How to configure VMware ESXi 6.7 or later for VMDirectPath I/O pass-through of any NVMe SSD, such as Windows 10 1809 installed directly on an Intel 900P booted in an EFI VM

Notice the 900P U.2 NVMe SSD above the motherboard

There was a little-discussed and finally mature capability that arrived with VMware ESXi 6.5, back in November of 2016.

See Amazon for the Intel Optane SSD 900P Series, but this consumer drive might not be ideal for most home virtualization lab enthusiasts

With this years ESXi 6.7 release, and last month's release of ESXi 6.7 Update 1, it's only getting easier and easier to configure your ESXi server to allow you to pass a single NVMe storage device, such as an Intel Optane P4800X or the Intel Optane SSD 900P Series, right through to one of your VMs. Nice!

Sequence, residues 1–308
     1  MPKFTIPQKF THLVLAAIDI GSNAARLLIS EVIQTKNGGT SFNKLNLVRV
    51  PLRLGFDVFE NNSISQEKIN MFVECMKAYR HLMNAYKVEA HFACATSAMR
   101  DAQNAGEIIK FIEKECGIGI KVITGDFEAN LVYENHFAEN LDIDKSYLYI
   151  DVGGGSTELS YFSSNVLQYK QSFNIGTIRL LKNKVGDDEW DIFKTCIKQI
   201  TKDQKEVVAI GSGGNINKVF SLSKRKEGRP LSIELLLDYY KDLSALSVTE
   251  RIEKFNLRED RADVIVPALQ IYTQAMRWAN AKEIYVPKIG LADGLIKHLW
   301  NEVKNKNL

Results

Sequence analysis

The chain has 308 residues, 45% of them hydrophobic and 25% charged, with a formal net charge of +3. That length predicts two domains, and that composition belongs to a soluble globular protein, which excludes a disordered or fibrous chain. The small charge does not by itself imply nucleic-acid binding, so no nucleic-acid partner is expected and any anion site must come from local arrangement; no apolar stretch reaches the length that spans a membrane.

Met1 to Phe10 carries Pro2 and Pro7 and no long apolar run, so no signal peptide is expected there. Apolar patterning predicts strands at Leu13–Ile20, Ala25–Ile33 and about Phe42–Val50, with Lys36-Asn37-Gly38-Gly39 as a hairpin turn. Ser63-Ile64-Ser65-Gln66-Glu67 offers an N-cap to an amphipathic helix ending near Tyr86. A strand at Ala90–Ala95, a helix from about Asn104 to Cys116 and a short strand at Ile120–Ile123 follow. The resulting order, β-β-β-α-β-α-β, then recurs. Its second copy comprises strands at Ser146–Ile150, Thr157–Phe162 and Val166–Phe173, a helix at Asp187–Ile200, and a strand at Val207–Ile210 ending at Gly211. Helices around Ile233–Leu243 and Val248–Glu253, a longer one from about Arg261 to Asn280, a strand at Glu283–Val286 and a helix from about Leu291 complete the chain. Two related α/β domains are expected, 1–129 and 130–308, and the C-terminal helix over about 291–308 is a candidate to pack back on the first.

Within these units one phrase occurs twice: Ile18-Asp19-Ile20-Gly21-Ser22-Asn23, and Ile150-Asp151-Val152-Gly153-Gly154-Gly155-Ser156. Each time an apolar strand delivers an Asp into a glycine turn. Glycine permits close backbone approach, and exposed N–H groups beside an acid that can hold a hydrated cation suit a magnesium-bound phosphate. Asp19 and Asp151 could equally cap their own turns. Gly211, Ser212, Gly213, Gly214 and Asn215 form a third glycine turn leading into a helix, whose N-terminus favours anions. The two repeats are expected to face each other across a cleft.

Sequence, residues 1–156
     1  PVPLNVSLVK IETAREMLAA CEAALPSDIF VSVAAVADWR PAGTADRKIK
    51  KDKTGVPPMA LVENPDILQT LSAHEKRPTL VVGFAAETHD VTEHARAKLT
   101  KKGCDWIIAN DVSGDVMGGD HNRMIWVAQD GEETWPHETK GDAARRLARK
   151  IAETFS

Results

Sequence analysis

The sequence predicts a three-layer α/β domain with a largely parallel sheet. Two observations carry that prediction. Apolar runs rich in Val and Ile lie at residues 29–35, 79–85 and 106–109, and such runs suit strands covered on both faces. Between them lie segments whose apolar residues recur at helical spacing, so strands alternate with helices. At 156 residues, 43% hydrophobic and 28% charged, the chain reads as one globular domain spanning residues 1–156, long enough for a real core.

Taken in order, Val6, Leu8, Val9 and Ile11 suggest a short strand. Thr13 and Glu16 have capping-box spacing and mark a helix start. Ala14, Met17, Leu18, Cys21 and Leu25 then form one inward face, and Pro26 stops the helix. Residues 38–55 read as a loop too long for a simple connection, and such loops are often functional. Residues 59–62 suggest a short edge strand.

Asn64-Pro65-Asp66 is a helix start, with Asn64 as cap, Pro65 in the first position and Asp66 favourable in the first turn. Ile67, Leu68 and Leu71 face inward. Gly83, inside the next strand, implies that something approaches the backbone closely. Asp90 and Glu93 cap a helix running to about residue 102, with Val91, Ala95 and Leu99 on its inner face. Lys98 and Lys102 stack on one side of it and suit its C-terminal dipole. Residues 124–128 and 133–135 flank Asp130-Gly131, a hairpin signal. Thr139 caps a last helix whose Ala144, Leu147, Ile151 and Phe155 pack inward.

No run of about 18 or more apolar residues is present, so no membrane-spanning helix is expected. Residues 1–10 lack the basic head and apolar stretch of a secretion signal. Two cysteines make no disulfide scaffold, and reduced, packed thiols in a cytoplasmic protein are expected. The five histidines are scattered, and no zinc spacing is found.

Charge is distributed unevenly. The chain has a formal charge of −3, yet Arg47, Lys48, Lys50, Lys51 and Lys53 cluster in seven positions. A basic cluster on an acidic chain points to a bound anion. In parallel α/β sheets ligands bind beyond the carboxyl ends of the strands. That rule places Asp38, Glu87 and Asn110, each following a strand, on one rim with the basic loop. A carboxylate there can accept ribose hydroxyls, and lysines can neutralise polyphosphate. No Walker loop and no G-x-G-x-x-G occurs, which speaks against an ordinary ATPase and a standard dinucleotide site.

This has big implications for those interested in performant NAS VMs, or other special use cases including nested ESXi instances and vSAN.

Another nifty attribute of NVMe passthrough is that there's no need to configure clunky RDM (Raw Device Mappings), like you might need do for SAS or SATA drives that are configured as JBOD but share a PCIe device. How is that? Read onward...

How NVMe pass-through works